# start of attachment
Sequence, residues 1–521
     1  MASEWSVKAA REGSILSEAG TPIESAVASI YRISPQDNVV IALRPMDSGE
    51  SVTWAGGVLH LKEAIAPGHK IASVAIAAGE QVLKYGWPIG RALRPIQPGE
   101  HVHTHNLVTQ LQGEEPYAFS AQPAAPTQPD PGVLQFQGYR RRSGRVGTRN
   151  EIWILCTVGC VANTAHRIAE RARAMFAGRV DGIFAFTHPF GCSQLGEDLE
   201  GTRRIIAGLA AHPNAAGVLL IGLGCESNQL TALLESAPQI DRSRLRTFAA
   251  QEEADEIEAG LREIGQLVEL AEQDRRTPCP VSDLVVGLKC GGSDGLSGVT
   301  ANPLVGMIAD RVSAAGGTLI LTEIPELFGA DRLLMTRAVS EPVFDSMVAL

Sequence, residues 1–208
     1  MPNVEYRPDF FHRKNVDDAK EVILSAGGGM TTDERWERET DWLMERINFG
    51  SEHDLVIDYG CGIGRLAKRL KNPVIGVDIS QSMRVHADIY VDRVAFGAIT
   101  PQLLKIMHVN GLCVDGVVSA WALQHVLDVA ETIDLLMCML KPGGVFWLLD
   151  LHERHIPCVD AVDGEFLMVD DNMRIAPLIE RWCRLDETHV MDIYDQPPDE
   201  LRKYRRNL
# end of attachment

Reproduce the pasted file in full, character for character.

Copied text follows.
Sequence, residues 1–521
     1  MASEWSVKAA REGSILSEAG TPIESAVASI YRISPQDNVV IALRPMDSGE
    51  SVTWAGGVLH LKEAIAPGHK IASVAIAAGE QVLKYGWPIG RALRPIQPGE
   101  HVHTHNLVTQ LQGEEPYAFS AQPAAPTQPD PGVLQFQGYR RRSGRVGTRN
   151  EIWILCTVGC VANTAHRIAE RARAMFAGRV DGIFAFTHPF GCSQLGEDLE
   201  GTRRIIAGLA AHPNAAGVLL IGLGCESNQL TALLESAPQI DRSRLRTFAA
   251  QEEADEIEAG LREIGQLVEL AEQDRRTPCP VSDLVVGLKC GGSDGLSGVT
   301  ANPLVGMIAD RVSAAGGTLI LTEIPELFGA DRLLMTRAVS EPVFDSMVAL

Sequence, residues 1–208
     1  MPNVEYRPDF FHRKNVDDAK EVILSAGGGM TTDERWERET DWLMERINFG
    51  SEHDLVIDYG CGIGRLAKRL KNPVIGVDIS QSMRVHADIY VDRVAFGAIT
   101  PQLLKIMHVN GLCVDGVVSA WALQHVLDVA ETIDLLMCML KPGGVFWLLD
   151  LHERHIPCVD AVDGEFLMVD DNMRIAPLIE RWCRLDETHV MDIYDQPPDE
   201  LRKYRRNL